While you are in the store attempting to select a healthy specimen:
Caring for Basilisks
Caring for the animal is somewhat similar to dragons. They need a large cage with enough water for them to soak himself in. They LOVE water, and will spend a lot of their time in it :)
Substrate or bedding could be soil or indoor carpeting (astroturf, repti-carpet). The carpet is easier to clean, but the soil allows plants and such, and aids in keeping the humidity up. Live or fake plants in the cage help to create a more natural setting, provide some shelter, help make the lizard feel more secure and live plants can also help keep cage humidity up. Plants that are safe to use are pothos, Philodendron, dracenae (dragon tree), spider plants and some bromolaids.
They like to climb! So provide a large branch under the UVB light for basking and climbing. The UVB fluorescent light should be a brand that clearly states that it produces light in the 290 to 320 nm range as that is where UVB rays are produced. Brands that qualify are reptisun, iguana 5.0 and vitalight. The UVB fluorescent tube should be set up so that the light is not more than 10 inches above the Basilisk, with no glass or plastic between the light and the lizard as these materials block out vital UVB rays. UVB is important to the health of the lizard because it helps them use the calcium in their diet properly. Without artificial or real UVB (unfiltered sunlight) a reptile can become calcium deficient and become ill with an ailment called MBD.
Heating the cage properly all depends upon how warm the room the lizard is being kept in is, and what wattage of basking lights you are using, versus the size and type of cage. So I can't really say to specifically use a certain wattage of light bulb for heating. You will have to have two thermometers in the cage, and you will need to keep an eye on the cage temperatures and use various wattages in order to achieve the proper day time cage temperatures for the Basilisk. The day time cage temp should be 84 - 88 F (28.8 - 31.1 C), basking site 95 F (35 C). The night time temperature should be 75 - 80 F (23.8 C- 26.6 C). To achieve proper temperatures night and day many herp keepers use basking lights during the day and a mix of ceramic heat emitters, heating pads under the propped up tank and or night lights (moonlights, infrared) to help keep the night temperatures at the proper levels.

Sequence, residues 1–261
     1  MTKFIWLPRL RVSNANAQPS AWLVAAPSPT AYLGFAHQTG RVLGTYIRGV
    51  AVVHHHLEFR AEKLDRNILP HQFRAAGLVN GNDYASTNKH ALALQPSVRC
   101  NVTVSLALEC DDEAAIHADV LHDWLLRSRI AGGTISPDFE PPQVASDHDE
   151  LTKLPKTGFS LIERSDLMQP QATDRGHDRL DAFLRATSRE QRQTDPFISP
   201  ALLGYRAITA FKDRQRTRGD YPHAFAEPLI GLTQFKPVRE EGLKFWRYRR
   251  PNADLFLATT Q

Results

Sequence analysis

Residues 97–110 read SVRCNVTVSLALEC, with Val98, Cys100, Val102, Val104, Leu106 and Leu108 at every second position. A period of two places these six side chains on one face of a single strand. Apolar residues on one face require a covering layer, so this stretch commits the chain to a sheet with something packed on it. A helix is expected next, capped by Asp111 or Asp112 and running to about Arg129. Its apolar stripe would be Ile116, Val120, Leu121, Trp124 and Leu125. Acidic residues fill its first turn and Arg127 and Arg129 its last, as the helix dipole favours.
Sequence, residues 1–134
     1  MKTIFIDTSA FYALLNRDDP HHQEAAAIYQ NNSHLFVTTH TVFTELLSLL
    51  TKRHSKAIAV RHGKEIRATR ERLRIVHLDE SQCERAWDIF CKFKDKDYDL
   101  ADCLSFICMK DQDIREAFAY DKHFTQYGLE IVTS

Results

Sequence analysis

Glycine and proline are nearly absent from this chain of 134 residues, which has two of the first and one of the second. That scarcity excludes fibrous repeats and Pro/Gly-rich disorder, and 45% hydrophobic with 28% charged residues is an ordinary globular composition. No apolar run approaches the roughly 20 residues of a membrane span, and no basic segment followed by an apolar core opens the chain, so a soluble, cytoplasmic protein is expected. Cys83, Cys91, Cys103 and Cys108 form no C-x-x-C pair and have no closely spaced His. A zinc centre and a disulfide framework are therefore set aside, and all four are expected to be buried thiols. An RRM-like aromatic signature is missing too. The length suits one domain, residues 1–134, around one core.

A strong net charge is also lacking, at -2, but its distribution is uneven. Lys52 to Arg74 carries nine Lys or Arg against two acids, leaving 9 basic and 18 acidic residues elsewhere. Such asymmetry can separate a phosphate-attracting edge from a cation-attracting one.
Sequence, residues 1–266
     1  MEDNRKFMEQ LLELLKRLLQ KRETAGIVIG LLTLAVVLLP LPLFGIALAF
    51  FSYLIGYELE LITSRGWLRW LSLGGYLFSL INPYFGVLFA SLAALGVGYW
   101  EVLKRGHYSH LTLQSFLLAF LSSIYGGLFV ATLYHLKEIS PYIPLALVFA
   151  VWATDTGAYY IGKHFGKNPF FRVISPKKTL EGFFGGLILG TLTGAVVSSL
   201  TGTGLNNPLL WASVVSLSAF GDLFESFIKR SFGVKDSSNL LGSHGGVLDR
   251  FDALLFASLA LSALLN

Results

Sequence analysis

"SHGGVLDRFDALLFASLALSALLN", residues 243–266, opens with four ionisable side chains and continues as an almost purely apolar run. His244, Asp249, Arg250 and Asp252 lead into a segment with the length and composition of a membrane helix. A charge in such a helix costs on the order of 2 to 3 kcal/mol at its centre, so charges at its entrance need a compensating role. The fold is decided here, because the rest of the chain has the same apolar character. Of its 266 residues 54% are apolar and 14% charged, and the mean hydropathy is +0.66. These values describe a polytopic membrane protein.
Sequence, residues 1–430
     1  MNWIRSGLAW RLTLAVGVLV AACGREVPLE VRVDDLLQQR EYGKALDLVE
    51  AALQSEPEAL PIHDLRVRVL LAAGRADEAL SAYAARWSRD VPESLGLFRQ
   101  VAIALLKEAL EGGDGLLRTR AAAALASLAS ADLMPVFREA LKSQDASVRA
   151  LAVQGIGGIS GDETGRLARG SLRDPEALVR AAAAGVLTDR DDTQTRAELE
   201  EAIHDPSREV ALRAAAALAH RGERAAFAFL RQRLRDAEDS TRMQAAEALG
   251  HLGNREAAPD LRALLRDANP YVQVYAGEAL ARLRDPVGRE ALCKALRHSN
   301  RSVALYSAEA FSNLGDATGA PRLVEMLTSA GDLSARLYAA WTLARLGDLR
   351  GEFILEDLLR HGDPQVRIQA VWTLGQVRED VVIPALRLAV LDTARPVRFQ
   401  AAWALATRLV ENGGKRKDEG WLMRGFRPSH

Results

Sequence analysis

Like water dragons the diet for the Basilisk consists of pinkies, fuzzies, zophobas and regular mealworms, crickets, and the occasional veggie. The more variety that you can offer the better. Please see my water dragon Diet page for more information about what kinds of food items to feed your Basilisk.
Taming and Handling
Handle them at least once daily. Spending at least 10 minutes with them to get them accustomed to being handled, used to people and a bit less stressed.
The more you can interact with them the better- especially from a young age.
Females are more skittish than males as a general rule... If you do not have a working relationship with your animals as they get bigger, be SURE to wear gloves during handling.
Basilisks are especially fast, and seem to be able to tell the exact instant you are distracted.. as opposed to running, they seem to want to flip around and bite the offending hand, even if it DOES feed them :) Spend time with them, hold them, etc., and most of them will probably turn out at least handlable..
Diet and coloration:
Diet and amount of sun WILL cause colour differences in basilisks. Commonly, dealers will tell you that this is a way to tell Wild Caught from CB animals. This is partially true. Basilisks who have seen little or no sunlight do not develop the brilliant green of their wild counterparts. However, some breeders who live in the south house their animals outside, and produce animals which could pass for wild caught specimens.. I'm told that no amount of vitamins, no matter what combinations, will produce the same results without sunlight.. This appears to be one of the situations where sunlight gives off something they need which we are not aware of.. yet..
(b. basilicus, b. plumifrons, b. vittatus, b. galeritus)
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For more care information
Green Water Dragons, Sailfin Lizards and Basilisks (General Care and Maintenance of Series) by Philippe De Vosjoli
Basic but detailed information about the care, diet, and health of green water dragons, sailfin lizards and basilisks.
Anoles, Basilisks and Water Dragons : A Complete Pet Care Manual (More Complete Pet Owner's Manuals) by Richard D. Bartlett, Patricia P. Bartlett (Contributor)
Discussion of the general care of many species of anole, basilisks and water dragons. Excellent information regarding enclosures, cage building, and insect care and breeding.
Eat This Bug : A Guide to Invertebrate Live Foods for Reptiles and Amphibians by Lynn Davis
This book is a guide for owners of reptiles and amphibians who feed insects and other live foods to their pets. Advice is offered for selecting , ordering and raising your own supply of live invertebrate foods. More than a dozen species of live foods are discussed. The book includes instructions on keeping cultures of insects, and recipes & diets for insects.
April, 10, 2012
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